Protesters have clashed with security forces in Jordan as hundreds of people took to the streets to demand the release of leading members of an opposition-run teachers’ union.
On Tuesday evening, demonstrators staged a rally in the southern city of Karak to voice objection to the detention of the members of the Jordanian Teachers Syndicate.
The protesters tried to block roads and threw stones at the security personnel, who came to disperse them.
Security forces then used tear gas to break up the gathering.
A government source said seven security forces were injured during the demonstration, the official Petra news agency reported.
The Jordanian government on July 25 arrested leaders of the 100,000-strong union, raided its offices and suspended its activity for two years, in what was considered as a major crackdown on a group that has become a leading source of dissent.
Prosecutors charged Nasser Nawasreh, the acting head of the syndicate, with incitement as well as financial and administrative wrongdoing.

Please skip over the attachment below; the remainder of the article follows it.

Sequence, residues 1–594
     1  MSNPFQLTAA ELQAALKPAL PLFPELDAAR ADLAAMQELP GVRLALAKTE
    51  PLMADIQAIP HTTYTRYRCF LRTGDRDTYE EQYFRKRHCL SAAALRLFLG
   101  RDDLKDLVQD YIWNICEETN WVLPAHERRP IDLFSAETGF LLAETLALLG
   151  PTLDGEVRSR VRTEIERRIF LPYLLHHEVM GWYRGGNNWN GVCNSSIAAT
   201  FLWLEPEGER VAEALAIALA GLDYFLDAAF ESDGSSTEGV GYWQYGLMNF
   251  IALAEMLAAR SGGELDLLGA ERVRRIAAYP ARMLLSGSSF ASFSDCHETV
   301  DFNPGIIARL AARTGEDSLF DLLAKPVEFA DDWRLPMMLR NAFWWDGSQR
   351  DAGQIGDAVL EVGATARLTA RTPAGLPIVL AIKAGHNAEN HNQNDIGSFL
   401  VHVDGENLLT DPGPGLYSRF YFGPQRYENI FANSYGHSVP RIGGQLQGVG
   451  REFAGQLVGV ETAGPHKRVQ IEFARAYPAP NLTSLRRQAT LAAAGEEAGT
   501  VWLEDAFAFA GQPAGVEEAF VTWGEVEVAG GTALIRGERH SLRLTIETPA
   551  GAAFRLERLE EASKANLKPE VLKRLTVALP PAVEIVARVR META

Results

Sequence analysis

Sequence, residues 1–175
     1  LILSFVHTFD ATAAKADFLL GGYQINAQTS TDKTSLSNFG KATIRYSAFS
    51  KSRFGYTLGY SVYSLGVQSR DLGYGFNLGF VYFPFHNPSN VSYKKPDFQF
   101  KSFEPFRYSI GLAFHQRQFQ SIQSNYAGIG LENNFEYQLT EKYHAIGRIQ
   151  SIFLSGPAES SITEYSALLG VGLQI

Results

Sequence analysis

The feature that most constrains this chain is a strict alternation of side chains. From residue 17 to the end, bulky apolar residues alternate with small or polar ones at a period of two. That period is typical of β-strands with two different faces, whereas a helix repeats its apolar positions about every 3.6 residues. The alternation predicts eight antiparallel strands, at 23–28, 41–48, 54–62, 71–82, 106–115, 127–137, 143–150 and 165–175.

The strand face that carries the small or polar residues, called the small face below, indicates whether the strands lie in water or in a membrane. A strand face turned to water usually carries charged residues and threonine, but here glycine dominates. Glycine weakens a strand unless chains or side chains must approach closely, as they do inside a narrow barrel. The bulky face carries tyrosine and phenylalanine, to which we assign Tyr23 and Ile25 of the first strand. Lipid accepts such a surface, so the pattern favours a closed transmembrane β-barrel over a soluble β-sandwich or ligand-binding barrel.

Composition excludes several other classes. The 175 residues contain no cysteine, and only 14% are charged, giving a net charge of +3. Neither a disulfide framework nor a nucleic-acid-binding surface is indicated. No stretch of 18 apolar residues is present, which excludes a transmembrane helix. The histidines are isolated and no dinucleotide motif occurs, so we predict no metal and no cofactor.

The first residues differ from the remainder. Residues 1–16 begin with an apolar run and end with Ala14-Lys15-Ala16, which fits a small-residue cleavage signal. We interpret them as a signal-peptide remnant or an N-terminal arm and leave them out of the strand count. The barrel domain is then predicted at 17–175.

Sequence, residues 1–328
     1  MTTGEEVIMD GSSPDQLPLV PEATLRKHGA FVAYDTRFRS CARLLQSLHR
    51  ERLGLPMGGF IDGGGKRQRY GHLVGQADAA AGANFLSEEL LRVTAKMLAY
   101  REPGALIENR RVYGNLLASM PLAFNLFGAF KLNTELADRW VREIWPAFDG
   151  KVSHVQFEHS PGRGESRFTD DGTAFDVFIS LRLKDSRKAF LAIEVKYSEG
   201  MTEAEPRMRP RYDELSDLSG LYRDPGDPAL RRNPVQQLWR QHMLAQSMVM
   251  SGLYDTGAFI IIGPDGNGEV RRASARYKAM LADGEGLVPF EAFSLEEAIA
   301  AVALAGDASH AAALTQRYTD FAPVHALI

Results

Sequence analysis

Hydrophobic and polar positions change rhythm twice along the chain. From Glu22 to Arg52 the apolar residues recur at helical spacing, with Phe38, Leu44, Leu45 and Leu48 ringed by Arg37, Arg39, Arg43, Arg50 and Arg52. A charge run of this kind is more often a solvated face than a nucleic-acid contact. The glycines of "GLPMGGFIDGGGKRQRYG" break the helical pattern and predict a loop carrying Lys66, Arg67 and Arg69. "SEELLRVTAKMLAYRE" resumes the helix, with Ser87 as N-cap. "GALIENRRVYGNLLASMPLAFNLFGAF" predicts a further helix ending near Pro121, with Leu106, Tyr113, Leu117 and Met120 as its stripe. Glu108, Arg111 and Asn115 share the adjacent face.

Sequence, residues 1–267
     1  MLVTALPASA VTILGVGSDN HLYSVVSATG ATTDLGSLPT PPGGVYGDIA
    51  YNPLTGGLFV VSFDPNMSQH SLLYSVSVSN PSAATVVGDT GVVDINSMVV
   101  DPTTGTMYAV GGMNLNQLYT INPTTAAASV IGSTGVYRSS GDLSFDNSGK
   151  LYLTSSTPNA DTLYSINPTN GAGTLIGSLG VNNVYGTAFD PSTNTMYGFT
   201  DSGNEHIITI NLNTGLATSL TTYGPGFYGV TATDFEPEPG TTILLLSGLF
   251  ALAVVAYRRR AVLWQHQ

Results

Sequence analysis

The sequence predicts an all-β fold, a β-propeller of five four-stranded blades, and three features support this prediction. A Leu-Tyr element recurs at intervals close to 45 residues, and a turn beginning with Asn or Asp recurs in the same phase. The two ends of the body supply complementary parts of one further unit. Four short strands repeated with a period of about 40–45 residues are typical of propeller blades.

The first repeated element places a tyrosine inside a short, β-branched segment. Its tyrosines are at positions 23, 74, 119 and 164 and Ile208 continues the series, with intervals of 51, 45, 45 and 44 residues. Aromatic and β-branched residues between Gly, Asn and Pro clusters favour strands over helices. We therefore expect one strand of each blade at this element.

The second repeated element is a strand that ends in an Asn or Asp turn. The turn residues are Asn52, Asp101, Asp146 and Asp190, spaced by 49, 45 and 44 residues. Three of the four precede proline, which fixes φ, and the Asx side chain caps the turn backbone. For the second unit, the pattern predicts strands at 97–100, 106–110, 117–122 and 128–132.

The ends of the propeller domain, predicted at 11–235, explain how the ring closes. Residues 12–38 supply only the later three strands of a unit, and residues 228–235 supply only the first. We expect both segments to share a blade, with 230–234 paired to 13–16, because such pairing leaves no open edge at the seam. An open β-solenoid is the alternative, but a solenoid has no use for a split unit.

Murad Adailah, head of the Islamic Action Front – Jordan’s largest opposition party, said at the time that the crackdown on the union would “only further aggravate political tensions by the government at a time when people are being choked under hard economic conditions.”
Human Rights Watch (HRW) also criticized the crackdown last week.
“Shuttering one of the Jordan’s few independent labor unions following a protracted dispute with the government and on dubious legal grounds raises serious concerns about the government's respect for the rule of law,” said Michael Page, the deputy director of the HRW’s Middle East and North Africa division.
Last year, the Jordanian Teachers Syndicate went on strike and closed its offices across the country for a month.
In recent weeks, its leaders have criticized the government of failing to stand committed to a deal struck last October that ended the strike.
The agreement included a 50 percent pay rise this year, which authorities now say cannot afford due to the economic fallout of the coronavirus pandemic.
Opposition activists say the government has been exercising stringent emergency laws since March, when the coronavirus lockdown was enacted in order to curtail civil and political rights.
Protests have grown in recent years in the kingdom over degrading living standards, corruption and the slow pace of political reforms.
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